Obviously, with the dye bath being at a near-boiling temperature, this is done on a stovetop, and I bought a big-ass pot specifically for acid-dyeing several yards of fabric at a time!

25 pounds of pot
25 pounds of pot

FYI, a 100-quart pot is just large enough to be able to handle 10 yards of Dharma's velvet in a single dye bath ...

"These things must be done delicately!"
"These things must be done delicately!" 

After rinsing, the purple fiber-reactive dye bath comes next!

Hot Tub Dye Machine
Hot Tub Dye Machine

I tried several different "off-the-shelf" colors, and the one I finally landed on was Dharma's PR161 "Power Berry" - I was going for a "cooler" purple, and it certainly fit the bill! 

To me eyes, it looks pretty spot-on to the original fabric, or at least as close as I could determine based on publicity photos and fleeting glimpses in episodes. 

However, if you want a warmer, more burgundy-ish velvet, Dharma's "eggplant" may work nicely for you. Pro Chemical and Dye probably has some good options, too, but I'm quite content with the "power berry." 

Anyway, after the fiber-reactive dye bath comes a few rinse cycles (with synthrapol) to shake loose all the unbonded dye molecules ...

The end result? 

A velvet so dark it often looks black, but when viewed in certain lighting and at certain angles, one can see that it's actually sizzling with cool, electric purple.

Custom-dyed dark purple velvet
Custom-dyed dark purple velvet

Although the fabric looks black when viewed straight-on or from above, the purple is easily visible when looking up the pile.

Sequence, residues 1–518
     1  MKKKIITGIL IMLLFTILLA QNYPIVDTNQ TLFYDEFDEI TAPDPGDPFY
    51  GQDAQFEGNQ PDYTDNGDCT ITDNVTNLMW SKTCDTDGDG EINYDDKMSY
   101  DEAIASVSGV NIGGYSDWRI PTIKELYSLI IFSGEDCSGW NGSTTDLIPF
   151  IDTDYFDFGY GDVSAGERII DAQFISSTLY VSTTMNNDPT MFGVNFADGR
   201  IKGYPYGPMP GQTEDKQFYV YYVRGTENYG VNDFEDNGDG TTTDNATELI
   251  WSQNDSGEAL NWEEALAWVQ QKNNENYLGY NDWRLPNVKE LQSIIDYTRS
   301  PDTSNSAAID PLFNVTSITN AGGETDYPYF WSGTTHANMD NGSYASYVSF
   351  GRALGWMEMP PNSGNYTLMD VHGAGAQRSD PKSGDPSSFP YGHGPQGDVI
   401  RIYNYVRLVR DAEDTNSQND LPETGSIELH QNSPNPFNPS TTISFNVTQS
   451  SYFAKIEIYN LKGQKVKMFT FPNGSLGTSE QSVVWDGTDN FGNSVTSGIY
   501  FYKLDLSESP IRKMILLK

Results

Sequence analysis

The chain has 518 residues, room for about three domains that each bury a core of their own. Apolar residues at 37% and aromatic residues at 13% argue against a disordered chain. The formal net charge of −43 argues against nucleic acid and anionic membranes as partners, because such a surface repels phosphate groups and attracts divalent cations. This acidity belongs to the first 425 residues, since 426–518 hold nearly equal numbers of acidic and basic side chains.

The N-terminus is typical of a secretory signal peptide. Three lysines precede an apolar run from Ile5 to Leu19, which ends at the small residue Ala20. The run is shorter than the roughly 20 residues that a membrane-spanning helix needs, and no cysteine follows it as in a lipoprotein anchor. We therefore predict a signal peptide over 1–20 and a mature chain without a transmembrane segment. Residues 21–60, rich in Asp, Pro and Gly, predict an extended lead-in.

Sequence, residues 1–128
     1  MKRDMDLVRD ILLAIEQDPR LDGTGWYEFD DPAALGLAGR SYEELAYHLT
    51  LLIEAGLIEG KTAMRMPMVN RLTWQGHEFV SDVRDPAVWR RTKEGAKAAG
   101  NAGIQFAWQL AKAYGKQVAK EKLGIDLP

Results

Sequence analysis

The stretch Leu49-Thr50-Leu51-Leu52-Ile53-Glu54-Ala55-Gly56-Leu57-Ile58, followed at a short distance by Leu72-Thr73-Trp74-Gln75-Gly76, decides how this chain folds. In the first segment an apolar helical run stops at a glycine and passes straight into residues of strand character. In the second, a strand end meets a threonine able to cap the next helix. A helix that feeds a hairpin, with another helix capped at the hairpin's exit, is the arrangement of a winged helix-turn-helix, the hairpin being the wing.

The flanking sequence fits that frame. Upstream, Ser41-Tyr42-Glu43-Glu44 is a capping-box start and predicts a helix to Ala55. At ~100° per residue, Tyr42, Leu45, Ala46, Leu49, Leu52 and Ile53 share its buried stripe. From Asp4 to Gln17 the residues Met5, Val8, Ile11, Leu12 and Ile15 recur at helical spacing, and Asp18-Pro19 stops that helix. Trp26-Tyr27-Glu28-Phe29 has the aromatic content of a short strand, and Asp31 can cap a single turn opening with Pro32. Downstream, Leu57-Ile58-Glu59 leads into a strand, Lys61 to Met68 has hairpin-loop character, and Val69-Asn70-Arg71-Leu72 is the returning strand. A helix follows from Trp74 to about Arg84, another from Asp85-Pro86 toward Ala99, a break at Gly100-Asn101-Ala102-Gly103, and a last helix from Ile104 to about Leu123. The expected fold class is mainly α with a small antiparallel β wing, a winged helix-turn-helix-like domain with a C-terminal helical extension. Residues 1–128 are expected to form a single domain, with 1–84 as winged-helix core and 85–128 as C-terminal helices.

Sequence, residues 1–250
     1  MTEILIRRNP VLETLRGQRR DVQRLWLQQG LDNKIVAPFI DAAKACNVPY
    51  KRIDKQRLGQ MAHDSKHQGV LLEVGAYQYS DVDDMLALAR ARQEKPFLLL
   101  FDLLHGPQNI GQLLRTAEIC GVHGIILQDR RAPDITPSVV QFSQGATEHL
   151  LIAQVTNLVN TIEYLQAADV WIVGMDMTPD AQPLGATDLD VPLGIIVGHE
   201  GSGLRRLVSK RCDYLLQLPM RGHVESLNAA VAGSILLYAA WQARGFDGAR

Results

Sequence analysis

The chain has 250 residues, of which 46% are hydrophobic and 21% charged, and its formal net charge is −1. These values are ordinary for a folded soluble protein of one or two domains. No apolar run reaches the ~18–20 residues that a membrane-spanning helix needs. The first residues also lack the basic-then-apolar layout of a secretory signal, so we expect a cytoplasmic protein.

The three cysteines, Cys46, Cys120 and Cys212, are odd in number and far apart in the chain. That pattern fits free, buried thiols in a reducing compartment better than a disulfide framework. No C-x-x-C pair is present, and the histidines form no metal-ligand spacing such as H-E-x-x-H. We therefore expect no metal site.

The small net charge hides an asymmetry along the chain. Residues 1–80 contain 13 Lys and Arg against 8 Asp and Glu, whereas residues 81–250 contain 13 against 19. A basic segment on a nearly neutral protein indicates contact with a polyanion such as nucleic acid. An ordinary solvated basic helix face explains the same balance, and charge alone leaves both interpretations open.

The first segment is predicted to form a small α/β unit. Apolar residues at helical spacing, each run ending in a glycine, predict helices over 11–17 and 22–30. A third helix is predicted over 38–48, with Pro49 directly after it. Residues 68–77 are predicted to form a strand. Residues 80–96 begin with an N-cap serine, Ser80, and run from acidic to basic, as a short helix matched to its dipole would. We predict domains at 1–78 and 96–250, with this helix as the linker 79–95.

Custom-dyed dark purple velvet

I wish I could take credit for conceiving this technique, but Michael was the brains behind it. I mean, I applied it, I experimented with the colors, but I owe him some solid acknowledgment for planting the idea in my head and getting me started. 

If you want to dye your own velvet, those are the colors I suggest using (Dharma's 413 "True Black" acid dye and PR161 "Power Berry" fiber-reactive dye). I just use their recommended depth-of-shade.

If you're wanting to dye your own velvet but don't know where to start, or if you're interested in learning about proper fabric dyeing, there's an amazing book on the subject called Synthetic Dyes for Natural Fibers (by Linda Knutson), which Michael recommended to me, and now I recommend to you! 

Synthetic Dyes for Natural Fibers (by Linda Knutson)

If you're not interested in dyeing your own, we are now offering this custom-dyed velvet by-the-yard in our Etsy shop: 

One yard should be plenty for a waistcoat. 

It's obviously been pre-washed in hot water and dried on high heat at least twice (plus a few more times to bleed off any excess dye), so it's clean, pre-shrunken, and ready to use as-is!

Custom-dyed dark purple velvet

All three of my 11th Doctor waistcoat sewing patterns are coming along nicely, and I hope to release them soon - with corresponding sewing tutorials, of course!